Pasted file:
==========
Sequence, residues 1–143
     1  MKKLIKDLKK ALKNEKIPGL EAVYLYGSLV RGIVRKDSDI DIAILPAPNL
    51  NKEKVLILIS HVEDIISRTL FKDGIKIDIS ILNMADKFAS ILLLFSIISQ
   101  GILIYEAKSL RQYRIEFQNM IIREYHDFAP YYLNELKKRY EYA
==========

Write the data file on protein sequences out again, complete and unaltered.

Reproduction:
Sequence, residues 1–143
     1  MKKLIKDLKK ALKNEKIPGL EAVYLYGSLV RGIVRKDSDI DIAILPAPNL
    51  NKEKVLILIS HVEDIISRTL FKDGIKIDIS ILNMADKFAS ILLLFSIISQ
   101  GILIYEAKSL RQYRIEFQNM IIREYHDFAP YYLNELKKRY EYA